While the abuse of opioids is in the headlines, alcohol kills more people than all illicit drugs combined. Yet most doctors fail to address their patients’ drinking problems, says one physician.
“As the fourth-leading cause of preventable death, killing an estimated 88,000 Americans a year, alcohol is the most common problem that I encounter as a primary care doctor, and the one that I feel least able to manage,” writes Elisabeth Poorman, M.D., in a commentary on Commonhealth.
She recalled a middle-aged patient who told her he wasn’t an alcoholic, but drank six to seven beers every night, mixed in with a few shots here and there. However, doctors in the medical community do not take unhealthy alcohol use as seriously as they should, she says. While there is treatment that works, patients don't get help for addiction.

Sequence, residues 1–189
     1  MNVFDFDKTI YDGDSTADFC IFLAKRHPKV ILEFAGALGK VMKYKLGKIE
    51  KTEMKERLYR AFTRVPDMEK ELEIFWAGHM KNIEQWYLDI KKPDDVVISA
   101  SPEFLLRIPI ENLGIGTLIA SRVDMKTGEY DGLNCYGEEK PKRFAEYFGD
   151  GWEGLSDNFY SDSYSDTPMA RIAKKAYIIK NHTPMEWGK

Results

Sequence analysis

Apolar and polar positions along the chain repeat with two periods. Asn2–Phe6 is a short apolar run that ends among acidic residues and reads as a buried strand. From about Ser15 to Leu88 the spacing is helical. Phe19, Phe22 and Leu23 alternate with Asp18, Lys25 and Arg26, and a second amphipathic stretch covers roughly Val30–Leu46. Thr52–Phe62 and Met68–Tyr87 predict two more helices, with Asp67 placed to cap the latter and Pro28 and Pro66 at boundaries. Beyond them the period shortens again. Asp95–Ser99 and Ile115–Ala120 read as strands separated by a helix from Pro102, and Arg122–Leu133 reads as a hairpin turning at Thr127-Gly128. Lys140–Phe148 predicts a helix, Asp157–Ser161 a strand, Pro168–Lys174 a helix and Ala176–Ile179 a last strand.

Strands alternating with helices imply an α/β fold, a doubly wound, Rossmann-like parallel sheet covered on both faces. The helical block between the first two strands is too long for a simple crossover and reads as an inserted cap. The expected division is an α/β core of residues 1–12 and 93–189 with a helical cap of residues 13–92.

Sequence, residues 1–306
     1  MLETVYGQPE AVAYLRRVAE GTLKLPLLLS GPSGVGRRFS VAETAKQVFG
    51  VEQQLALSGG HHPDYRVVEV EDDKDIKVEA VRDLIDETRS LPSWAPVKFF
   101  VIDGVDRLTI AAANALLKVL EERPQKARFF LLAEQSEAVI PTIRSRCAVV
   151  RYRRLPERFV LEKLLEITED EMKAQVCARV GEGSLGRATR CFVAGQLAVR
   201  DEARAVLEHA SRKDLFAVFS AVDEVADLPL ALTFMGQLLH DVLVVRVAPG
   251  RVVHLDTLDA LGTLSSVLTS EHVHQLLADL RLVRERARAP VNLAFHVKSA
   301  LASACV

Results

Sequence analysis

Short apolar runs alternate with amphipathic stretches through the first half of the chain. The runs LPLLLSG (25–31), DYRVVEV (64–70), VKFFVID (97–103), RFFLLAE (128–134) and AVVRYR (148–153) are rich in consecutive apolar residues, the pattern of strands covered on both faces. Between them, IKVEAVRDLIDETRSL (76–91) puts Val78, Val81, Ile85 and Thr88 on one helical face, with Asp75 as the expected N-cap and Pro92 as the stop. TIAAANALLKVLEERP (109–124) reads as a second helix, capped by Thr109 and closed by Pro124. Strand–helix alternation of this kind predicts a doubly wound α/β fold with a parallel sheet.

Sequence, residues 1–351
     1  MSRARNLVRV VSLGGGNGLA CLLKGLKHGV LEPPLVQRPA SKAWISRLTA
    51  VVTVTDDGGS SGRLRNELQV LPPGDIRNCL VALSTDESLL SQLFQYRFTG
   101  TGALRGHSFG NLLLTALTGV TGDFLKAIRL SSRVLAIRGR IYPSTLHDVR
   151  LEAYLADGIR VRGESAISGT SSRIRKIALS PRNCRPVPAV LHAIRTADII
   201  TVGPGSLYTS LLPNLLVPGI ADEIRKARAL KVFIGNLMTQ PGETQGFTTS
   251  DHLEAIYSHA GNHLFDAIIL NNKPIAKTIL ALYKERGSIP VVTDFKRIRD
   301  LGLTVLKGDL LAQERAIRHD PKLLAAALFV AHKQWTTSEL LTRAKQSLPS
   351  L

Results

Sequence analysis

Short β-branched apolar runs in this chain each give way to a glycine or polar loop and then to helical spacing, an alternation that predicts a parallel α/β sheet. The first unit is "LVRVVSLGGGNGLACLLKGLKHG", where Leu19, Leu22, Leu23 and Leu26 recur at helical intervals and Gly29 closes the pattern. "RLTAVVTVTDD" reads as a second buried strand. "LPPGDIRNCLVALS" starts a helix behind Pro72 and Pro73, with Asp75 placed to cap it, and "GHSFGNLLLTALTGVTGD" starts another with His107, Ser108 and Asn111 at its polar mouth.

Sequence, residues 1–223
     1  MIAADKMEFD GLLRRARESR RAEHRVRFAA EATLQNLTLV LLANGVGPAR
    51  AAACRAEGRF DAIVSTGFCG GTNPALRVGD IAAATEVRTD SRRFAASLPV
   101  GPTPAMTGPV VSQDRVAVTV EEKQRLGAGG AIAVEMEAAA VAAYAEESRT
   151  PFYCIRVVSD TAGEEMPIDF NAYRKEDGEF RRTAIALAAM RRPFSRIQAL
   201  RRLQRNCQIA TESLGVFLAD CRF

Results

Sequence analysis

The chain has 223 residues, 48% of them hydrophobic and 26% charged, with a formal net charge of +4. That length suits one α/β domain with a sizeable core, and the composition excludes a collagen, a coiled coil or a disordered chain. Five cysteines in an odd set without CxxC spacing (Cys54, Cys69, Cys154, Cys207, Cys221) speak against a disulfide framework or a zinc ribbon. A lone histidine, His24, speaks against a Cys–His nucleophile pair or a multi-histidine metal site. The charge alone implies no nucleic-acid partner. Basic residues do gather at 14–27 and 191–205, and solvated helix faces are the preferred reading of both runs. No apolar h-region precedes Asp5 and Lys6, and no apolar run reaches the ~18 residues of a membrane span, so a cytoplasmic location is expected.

When it comes to alcohol, the medical community is "under-trained, under-supported and underfunded," says Poorman, a primary care physician in Massachusetts. She suggests physicians screen all their patients to detect early stages of alcohol use disorders. Her first question is to ask patients if they have had four or more drinks in a single day in the last year to determine if they are drinking unhealthy levels. Brief counseling from a doctor can help people drink less often and less heavily, she says.
In a landmark report released last fall, U.S. Surgeon General Vivek Murthy, M.D., called on doctors to screen for addictions, which he said are a bigger health problem than cancer.
Poorman’s commentary comes at the same time a new study finds that more older American women are drinking heavily. The study, published in Alcoholism: Clinical and Experimental Research, examined drinking among adults age 60 and older and found the prevalence of binge drinking among older women is increasing dramatically, an average of nearly 4% per year, far faster than it is among older men.